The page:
Briny shrimp and sweet tasting scallops are delicious, quick cooking and very good for you. Both are high in protein and low in fat have a wide array of minerals and are rich in B-complex vitamins, particularly shrimp. Despite having high dietary cholesterol, shrimp are now considered heart healthy by the American Heart Association.
The downside is that unless you know what you’re looking for, buying shrimp and sea scallops can be daunting if you don’t know what you’re looking for. Is it fresh or isn’t it? Nobody wants to buy the bad batch that makes you sick. Here are some simple rules of thumb when going for these two particular items.
If you don’t live near the sea or an area where these delicious foods are caught, always buy shrimp or scallops frozen. Defrost slowly in the body of your fridge the day before you want to eat them.
Always eat supermarket bought seafood the day you buy it. The seafood on display at your supermarket most likely thawed from frozen, considerably shortening its shelf life.
The Monterey Aquarium Seafood Watch guide is useful for finding out which fish, and fisheries, are the most sustainable.
There are many different kinds of shrimp, from giant grey Tigers from Asia and fat white shrimp from the Gulf, to tiny brown shrimp from Maine that you eat shell and all.
When buying shrimp, we recommend you buy either USA caught wild shrimp from the NW coast or from the Gulf, or US farmed shrimp. Buy the count that works best for you, the count being the number of shrimp to the pound.
Buy shrimp with the shell on. It’s more flavorful less processed, and is particularly good on the grill. But if you need convenience, or want to quickly add shrimp to a stew or pasta, peeled is fine.
Raw shrimp should be firm, and have no black spots along the edges of their shells; peeled raw shrimp should also be firm, and not mushy. If they are, the shrimp are past their sell-by.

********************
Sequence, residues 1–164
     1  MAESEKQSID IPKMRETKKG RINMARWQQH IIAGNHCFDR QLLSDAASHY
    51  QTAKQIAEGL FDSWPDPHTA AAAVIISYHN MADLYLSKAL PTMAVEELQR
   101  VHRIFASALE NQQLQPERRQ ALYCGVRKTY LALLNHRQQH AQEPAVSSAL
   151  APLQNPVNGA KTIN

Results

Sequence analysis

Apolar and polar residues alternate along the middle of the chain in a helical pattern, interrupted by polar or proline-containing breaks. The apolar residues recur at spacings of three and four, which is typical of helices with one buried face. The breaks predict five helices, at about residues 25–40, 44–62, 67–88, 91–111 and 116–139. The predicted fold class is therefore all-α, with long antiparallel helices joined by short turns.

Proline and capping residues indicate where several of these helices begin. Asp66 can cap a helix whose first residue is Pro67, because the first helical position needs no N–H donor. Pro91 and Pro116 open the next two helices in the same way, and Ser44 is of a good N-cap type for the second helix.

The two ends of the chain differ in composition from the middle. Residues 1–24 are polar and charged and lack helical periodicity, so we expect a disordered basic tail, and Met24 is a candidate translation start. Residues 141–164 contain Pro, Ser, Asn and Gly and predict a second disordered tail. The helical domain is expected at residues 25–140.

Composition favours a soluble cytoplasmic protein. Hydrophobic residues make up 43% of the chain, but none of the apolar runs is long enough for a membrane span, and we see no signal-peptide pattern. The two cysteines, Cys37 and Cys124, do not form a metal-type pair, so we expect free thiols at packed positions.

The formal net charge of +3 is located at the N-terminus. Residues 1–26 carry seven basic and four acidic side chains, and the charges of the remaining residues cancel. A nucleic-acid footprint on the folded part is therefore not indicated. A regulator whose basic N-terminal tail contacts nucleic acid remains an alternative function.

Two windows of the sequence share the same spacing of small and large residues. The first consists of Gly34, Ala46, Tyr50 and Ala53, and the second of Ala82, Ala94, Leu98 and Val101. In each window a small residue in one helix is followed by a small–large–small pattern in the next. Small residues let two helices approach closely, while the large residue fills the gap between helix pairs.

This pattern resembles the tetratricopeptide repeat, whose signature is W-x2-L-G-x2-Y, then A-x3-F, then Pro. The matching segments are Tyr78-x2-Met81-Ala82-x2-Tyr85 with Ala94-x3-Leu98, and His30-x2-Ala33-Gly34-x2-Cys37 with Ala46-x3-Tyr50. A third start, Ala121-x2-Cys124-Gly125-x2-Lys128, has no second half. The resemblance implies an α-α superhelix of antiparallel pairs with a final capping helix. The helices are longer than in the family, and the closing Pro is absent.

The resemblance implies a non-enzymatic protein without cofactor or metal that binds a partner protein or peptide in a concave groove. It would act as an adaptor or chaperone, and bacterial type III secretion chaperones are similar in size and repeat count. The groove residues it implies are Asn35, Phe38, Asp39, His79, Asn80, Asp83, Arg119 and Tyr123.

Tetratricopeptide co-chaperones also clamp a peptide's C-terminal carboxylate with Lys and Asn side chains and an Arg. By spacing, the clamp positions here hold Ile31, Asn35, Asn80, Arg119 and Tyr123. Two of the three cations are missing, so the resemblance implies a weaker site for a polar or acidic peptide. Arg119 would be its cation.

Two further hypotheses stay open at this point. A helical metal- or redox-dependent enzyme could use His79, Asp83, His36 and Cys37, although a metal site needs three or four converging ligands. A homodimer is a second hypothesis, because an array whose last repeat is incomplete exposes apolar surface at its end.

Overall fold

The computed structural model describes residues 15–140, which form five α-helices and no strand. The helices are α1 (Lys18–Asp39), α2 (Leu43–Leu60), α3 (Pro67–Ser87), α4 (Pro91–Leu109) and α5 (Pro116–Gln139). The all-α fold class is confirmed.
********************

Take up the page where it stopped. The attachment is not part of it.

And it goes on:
Shrimp should have no more than a sweet briny smell. Beware any with a fishy odor.
Scallops are bi-valves. The part we most commonly eat is the muscle that opens and shuts the shell. When sold on the shell, this muscle is surrounded by orange roe, or coral, which is also good to eat, though you don’t see it much in the US.
Sea scallops are large and chunky while bay scallops are smaller, about as big as the tip of your index finger. I am lucky enough to live in New York to be able to buy ultra fresh local Long Island sea scallops from my Greenmarket.
When scallops are fresh, they are a pearly white with an almost opalescent pinkish tinge. If they are a creamy yellowish color, they are either not so fresh or have been thawed from frozen, and I tend to avoid buying them.
Like shrimp, scallops should have no more than a briny smell. Any strong odor should raise an alarm.
Scallops cook fast, and are great additions to seafood stews. They are delicious marinated in oil and lemon and quickly seared on each side in a hot pan.
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